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Booze Branding

The average American spends 1 percent of their income on alcohol according to the Bureau of Labor Statistics (http://www.usatoday.com/story/money/personalfinance/2014/03/24/20-ways-we-blow-our-money/6826633/). Considering that the designs on bottles and packaging has significant impact on what a consumer decides to purchase, would it not be fair for beer brewing companies to hire a team of designers to visually attract customers to their product?

Consider the success and survival of traditional beer companies – Miller, Budweiser, Pabst. Low purchase cost aside, what causes buyers to continuously pick up case after case of relatively mediocre tasting beer? Without a doubt, it’s through familiarity and tradition. Much like the visual power of the Campbell’s soup can, the Budweiser crown logo, or the red and blue color scheme on PBR’s unchanging design – despite the outdated look – is what keeps people coming back to their product. What’s unfortunate is that graphic designers looking to put their foot in the door in an industry like beer advertising design appear to only have access to small startup companies to design for – which is great, and allows the designer to flex their creative muscle – however, recognition can only go so far in a small business that hasn’t extended beyond its state, and new breweries clearly have stiff competition against major businesses that have established themselves since the 1800s.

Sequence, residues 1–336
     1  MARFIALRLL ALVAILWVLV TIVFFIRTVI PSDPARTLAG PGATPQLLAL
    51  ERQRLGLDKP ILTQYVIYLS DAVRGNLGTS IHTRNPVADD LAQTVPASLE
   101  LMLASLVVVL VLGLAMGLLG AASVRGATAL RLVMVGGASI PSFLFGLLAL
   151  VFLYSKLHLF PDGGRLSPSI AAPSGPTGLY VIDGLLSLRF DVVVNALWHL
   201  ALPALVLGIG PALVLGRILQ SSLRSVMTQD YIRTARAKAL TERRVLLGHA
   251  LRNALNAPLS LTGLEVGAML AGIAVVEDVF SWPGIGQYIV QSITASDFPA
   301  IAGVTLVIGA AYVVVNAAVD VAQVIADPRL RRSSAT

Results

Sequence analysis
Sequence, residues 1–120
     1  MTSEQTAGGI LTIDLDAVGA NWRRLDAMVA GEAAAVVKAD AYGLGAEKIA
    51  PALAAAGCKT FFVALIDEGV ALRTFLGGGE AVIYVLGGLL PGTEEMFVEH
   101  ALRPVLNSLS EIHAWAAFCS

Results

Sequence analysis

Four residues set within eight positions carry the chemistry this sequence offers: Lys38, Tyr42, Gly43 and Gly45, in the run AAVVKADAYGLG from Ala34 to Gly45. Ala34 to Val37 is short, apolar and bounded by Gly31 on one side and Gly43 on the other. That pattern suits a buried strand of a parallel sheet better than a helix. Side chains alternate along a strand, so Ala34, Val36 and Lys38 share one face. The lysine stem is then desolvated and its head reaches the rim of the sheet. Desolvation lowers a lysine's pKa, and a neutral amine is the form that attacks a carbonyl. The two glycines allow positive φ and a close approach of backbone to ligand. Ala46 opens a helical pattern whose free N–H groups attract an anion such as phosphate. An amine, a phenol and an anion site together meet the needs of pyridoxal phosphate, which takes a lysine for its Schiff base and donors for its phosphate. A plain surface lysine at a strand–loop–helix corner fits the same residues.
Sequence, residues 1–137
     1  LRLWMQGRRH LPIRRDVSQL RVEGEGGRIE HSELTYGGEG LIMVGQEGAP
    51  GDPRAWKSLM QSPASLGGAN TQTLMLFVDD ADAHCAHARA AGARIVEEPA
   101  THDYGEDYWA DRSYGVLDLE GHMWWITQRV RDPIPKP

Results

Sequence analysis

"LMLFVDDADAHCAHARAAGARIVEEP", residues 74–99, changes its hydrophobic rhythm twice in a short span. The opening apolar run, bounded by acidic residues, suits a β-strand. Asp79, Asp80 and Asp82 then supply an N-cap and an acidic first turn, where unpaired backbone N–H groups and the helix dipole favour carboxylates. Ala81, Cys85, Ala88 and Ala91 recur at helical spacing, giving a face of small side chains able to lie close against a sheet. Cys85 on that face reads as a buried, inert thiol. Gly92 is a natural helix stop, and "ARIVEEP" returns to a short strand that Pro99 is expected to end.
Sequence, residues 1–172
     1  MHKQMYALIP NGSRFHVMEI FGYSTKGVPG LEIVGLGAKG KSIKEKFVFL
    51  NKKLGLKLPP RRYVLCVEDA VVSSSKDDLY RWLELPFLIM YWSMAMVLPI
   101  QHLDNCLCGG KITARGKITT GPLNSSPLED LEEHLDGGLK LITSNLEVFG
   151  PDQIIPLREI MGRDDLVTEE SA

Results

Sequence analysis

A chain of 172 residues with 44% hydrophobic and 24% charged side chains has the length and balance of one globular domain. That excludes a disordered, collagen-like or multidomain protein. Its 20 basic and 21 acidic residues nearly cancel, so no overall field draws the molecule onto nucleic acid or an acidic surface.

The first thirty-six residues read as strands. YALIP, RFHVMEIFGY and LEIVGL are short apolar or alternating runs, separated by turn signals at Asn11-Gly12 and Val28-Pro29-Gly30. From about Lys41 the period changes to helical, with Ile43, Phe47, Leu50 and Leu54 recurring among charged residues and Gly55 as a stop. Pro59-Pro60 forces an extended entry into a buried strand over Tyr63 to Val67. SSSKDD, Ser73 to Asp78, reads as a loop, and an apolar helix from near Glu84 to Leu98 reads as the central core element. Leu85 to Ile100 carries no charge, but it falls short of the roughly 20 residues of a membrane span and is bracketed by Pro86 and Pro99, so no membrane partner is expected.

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What big beer branding should look like.

I think it should be stressed to big brewers that while logos should be preserved to maintain recognizability, the designs on cans, bottles, and cases have massive potential for redesign. Allowing this may be a chance risk for industry giants, however, it will more than likely boost sales from a clean new design, but additionally give designers an opportunity for employment and for recognition.

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Wouldn’t you pay more to drink this, even if the quality isn’t reflected inside the bottle?

One Comment

  1. jbah wrote:

    I agree that for major companies, there is a potential for redesign, and some of them do from time to time, especially when they try to emphasize new brews. Sam Adams, has a very recognizable logo for their original recipe, but tends to play with it when it comes to their Summer, Winter, or other seasonal ales. I think consistency of brand recognition in beer isn’t such a bad thing considering a lot of alcohol isn’t just consumed at home, but also in restaurants and bars. Imagine if a company such as Anhauser-Busch changed its logo every 10 years or so, there would be consumer backlash. Not necessarily because of the logo itself, but vendors may have a harder time locating a bottle on their shelves (since beer bottles have very standardized shape). Additionally alcohol, like perfume, has a certain generational association with it. Beer is a drink for many different ages, whereas Scotch or wines are marketed to a very particular demographic. It would be nice to see designers work on logos in this industry, but I can also see the concerns that may arise in doing so.

    Monday, December 1, 2014 at 8:08 pm | Permalink